When I first realized that the world did not revolve around me, and I found God – I was constantly sharing this with people, this wonderful amazing God actually loved and wanted me, despite all the bad things I had done. Now that I have found this treasure, the Church that even history agrees is the one that Christ established through His Apostles – this I also want to share, this beautiful gift. So, here I am on this wonderful journey. Continually discovering new things and every day I am facing new challenges. I am studying, I am constantly being encouraged to study by my Spiritual Father, both academically and things of my own choice – i.e, the Scriptures, comparative theology and Church history. This goes against everything I was led to believe before, as I was always taught that those who educate themselves are so full of “head knowledge” that they lose the concept of the Gospel. I can’t even begin to explain how much my understanding of the Scriptures has changed, there is a depth to Orthodoxy that truly has to be experienced. You cannot argue with recorded history. For the first 1,000 years of Christianity, the world was Orthodox (the see of Antioch, Alexandria, Jerusalem, Rome and Constantinople) – to argue with recorded history is as futile as denying the existence of King Henry VIII because you dislike his creation of the Church of England. Facts are facts. Then, Rome broke away from the other 4 sees, in effect becoming the first “Protestants”. Over time adding doctrine after doctrine – until the Roman Church barely resembled that of the early Church.

It is hardly surprising the Reformation occurred. Sadly, modern day evangelicals are basically doing what the Roman Church did – adding doctrine after doctrine. Sola Scriptura has a lot to answer for. The Rapture and the modern day interpretation of the state of Israel are two perfect examples of this. Both are barely 150 years old and neither have ever been taught in the Church at any time. The true irony for me, is that despite the reformers hatred of all things “Catholic”, almost all their theology is a convoluted branch from Rome. Who is curious enough to research this…? I had to ask myself “who is right?” The Apostles and their Disciples – the men who actually got their teachings from Christ Himself and faithfully recorded their teachings in the many Epistles, like Ignatius, Polycarp and also through Holy Tradition? Or various men who came nearly 2,000 years later whose theology not only disagreed with the Early Church, but also with each other? How can I be true to myself unless I am being obedient to God? Compromising is not being obedient, it is telling God that He did not quite get it right. Christ said that we are to pick up our Cross, He did not add a footnote saying “unless it becomes difficult or inconvenient, or makes you really unpopular”. Now that I am baptized, I have received the most precious Gift of the Holy Spirit, and I am Orthodox, an Orthodox Christian. The desire to share this incredible gift burns away in me like an enormous fire.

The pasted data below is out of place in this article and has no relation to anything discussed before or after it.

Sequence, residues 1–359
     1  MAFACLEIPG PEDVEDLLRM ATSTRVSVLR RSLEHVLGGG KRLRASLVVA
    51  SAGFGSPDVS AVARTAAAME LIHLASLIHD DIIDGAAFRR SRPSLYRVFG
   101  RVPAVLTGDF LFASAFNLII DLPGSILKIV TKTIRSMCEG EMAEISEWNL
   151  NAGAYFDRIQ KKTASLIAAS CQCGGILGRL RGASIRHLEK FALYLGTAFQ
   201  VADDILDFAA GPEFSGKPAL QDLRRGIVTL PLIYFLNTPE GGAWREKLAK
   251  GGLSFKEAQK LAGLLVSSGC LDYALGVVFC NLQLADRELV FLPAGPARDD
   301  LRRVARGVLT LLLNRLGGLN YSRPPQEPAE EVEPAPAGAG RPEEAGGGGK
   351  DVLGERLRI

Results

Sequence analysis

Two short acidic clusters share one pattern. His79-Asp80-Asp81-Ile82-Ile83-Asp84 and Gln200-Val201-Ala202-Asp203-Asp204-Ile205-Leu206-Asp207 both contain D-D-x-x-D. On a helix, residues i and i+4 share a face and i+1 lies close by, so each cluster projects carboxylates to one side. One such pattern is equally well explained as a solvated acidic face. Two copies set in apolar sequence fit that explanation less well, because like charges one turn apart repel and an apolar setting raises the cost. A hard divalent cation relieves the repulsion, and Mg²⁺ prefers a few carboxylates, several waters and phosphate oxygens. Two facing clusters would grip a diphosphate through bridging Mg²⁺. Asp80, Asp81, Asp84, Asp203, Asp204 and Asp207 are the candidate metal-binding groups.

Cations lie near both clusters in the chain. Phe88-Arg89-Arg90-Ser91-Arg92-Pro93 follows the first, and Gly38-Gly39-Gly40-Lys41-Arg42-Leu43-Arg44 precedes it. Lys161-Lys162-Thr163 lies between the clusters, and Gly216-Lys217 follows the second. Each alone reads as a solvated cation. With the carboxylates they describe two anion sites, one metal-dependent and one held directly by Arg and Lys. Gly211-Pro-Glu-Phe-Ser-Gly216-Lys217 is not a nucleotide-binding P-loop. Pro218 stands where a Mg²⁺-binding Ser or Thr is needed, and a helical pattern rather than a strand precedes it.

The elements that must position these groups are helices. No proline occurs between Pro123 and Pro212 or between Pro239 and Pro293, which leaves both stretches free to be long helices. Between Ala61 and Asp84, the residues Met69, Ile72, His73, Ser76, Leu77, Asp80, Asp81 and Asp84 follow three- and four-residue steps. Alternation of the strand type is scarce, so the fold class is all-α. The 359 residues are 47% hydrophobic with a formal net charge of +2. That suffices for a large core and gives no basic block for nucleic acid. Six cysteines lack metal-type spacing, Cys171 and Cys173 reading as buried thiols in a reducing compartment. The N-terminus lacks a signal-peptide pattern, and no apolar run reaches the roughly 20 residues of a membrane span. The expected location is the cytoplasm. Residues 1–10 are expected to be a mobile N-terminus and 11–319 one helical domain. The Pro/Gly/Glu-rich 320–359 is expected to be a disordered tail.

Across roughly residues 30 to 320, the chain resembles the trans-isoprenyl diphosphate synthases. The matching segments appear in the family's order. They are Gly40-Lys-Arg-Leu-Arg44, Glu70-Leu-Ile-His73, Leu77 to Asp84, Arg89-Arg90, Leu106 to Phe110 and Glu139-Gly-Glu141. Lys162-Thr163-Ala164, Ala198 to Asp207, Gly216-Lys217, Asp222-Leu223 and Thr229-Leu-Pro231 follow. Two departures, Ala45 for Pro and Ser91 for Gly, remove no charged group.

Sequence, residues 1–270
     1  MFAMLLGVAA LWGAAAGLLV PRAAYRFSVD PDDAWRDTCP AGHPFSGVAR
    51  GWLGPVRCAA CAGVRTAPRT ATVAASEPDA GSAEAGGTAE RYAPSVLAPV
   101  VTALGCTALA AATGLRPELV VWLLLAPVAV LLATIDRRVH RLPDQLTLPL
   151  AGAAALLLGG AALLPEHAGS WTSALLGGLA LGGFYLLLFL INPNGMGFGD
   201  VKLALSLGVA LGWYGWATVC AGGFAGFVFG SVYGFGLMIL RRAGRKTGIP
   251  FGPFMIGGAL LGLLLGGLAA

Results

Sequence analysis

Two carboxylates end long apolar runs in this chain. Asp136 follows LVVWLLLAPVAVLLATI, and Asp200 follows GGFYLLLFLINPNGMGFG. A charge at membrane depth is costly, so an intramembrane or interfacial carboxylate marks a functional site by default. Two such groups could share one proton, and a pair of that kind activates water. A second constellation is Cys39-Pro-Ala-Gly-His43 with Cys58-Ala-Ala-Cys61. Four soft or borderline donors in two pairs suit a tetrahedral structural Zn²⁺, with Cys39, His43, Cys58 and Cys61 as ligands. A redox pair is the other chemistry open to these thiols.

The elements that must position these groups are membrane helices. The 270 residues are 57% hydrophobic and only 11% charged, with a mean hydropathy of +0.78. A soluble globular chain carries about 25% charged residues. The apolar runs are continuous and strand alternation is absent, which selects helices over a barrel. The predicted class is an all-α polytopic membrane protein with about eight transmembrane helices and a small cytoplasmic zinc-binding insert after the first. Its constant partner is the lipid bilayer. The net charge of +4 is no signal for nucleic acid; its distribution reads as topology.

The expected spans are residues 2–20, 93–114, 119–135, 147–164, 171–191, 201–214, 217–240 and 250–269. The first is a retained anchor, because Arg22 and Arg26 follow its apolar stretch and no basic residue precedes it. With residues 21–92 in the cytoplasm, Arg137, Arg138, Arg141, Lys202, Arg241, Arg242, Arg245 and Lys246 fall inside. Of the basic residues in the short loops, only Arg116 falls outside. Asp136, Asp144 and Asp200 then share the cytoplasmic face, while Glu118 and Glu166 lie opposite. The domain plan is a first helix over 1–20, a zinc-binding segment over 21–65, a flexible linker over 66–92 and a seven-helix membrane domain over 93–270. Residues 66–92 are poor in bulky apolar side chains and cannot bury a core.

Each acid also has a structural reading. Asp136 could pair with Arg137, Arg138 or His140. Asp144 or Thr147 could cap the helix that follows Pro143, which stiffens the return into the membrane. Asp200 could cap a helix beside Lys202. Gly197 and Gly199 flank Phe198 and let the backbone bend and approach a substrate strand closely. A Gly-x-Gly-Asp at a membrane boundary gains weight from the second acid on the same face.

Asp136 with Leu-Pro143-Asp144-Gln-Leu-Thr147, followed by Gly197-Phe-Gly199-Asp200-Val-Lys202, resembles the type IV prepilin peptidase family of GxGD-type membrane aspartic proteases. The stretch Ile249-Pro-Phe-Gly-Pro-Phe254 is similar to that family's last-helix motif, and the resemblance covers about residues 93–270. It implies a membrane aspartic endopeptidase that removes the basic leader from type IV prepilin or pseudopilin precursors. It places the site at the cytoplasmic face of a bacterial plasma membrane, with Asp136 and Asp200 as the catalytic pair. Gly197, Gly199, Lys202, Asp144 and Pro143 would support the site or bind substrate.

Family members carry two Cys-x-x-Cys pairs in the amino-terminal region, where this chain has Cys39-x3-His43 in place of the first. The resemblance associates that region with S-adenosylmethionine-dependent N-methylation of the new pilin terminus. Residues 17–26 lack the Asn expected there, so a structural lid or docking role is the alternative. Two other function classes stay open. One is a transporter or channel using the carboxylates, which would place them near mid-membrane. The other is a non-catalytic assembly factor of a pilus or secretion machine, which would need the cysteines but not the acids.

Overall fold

The sacraments and guidance I receive strengthen me both Spiritually and physically. Orthodoxy is not emotional, it is deeply Spiritual and every single day I am reminded of this. I am home. Yet my journey has only just begun. I am saved, I am being saved, I will be saved.

Source: